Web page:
which are located on the grid, to their related
    databases and analytics servers, which are
    located at headquarters.
  • Technologies used for distribution network
    implementation include
  • Wireline technologies
  • Fiber
  • BPL (broadband over power lines)
  • Wireless technologies
  • WiMAX
  • License-exempt broadband wireless
  • GSM

14
  • ACCESS NETWORKS
  • The Access network handles last-mile
    connectivity from smart meters located on the
    edge of the power grid (at homes, offices, and
    municipal facilities) to SPG concentrators.
  • Technologies used for access network
    implementation include
  • Wireline technologies
  • PLC (Power Line Communication),
  • Wireless technologies
  • ZigBee ,
  • Wi-Fi ,
  • WiMAX
  • GSM
  • OPTIMIZED SMART POWER GRID WIRELESS CONNECTIVITY
  • Scalability and enhanced flexibility
  • Carrier-class all outdoor link reliability and
    availability (eg IP67)
  • Secured communication (eg FIPS-140-2)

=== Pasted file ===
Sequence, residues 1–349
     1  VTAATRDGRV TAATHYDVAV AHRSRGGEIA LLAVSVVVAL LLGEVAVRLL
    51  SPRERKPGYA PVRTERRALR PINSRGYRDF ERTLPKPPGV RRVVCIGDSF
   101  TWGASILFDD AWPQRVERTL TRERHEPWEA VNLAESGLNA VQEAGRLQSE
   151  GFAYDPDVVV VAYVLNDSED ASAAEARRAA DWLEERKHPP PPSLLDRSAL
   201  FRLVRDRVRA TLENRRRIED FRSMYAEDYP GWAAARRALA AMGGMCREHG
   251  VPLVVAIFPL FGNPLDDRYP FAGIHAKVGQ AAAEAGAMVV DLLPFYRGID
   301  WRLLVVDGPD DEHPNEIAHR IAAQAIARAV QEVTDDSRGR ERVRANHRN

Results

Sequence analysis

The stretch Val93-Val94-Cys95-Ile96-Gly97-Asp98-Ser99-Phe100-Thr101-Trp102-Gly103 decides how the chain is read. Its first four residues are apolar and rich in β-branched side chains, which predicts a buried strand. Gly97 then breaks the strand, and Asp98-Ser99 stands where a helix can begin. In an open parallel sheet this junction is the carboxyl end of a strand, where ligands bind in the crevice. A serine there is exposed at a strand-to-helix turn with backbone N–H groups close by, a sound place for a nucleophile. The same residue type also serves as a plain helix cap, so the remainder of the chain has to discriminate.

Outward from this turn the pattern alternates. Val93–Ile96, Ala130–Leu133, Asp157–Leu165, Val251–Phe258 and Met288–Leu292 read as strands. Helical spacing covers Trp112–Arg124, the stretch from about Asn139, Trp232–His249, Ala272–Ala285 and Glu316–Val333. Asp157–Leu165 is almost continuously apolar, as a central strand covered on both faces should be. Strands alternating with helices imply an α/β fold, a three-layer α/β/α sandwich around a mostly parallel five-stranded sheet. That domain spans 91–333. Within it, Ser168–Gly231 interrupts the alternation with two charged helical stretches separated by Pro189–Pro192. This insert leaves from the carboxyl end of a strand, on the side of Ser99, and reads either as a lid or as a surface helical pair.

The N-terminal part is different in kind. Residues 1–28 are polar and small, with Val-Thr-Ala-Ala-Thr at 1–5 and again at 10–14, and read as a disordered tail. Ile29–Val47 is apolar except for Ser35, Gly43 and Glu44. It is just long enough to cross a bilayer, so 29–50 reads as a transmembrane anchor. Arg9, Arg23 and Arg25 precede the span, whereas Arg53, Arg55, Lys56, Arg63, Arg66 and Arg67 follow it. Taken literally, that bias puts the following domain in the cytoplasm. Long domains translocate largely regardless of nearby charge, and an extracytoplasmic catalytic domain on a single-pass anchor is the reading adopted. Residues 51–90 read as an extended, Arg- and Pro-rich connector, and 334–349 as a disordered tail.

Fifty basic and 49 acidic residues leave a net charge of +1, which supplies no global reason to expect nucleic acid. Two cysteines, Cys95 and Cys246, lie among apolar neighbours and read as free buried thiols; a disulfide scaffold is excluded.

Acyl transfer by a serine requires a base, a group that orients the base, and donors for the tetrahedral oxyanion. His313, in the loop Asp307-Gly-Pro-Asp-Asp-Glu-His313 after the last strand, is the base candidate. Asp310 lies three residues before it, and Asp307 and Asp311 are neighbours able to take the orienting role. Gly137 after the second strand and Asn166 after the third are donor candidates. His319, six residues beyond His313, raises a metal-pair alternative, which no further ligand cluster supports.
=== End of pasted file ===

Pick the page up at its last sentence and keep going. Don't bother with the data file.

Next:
• High bandwidth with low latency
  • Standard-based technologies (eg 802.16e, 802.11)

15
  • SENSING AND MEASUREMENT
  • Its easy to cut your electricity bills if you
    know
  • Exactly how much electricity you are using.
  • How much it is costing you in rupee per hour
  • How much harmful carbon dioxide your household
    contributes to the greenhouse effect
  • SMART METERING CONCEPT
  • AUTOMATED METER READING(AMR) is a remote
    reading system based on an advanced technology
    that permits utilities to read electronic meters
    over long distances. Through AMR, the energy
    consumption can be read on an annual, monthly,
    weekly, daily or on an hourly basis. The
    automatic data collection enables billing based
    on real time consumption as opposed to an
    estimated consumption.
  • ADVANCED METERING INFRASTRUCTURE(AMI) refers to
    systems that measure, read and analyse energy
    consumption. AMI systems can be defined as an
    extension of the simpler AMR-system. The AMI
    always communicates two-way and comprises the
    whole range of metering devices, software,
    communication media, and data management systems.
  • AUTOMATED METER MANAGEMENT(AMM) or Smart
    Metering is another expansion of a remote reading
    system that includes the possibility of
    performing technical measurements and functions
    and carrying out customer-orientated services via
    the system.

16
SMART METER
  • Smart meters are to mutual benefit for utility
    and consumer.
  • The smart meter makes a greener difference.
  • FEATURES
  • Communication-able to communicate with the data
    management system which is placed on a server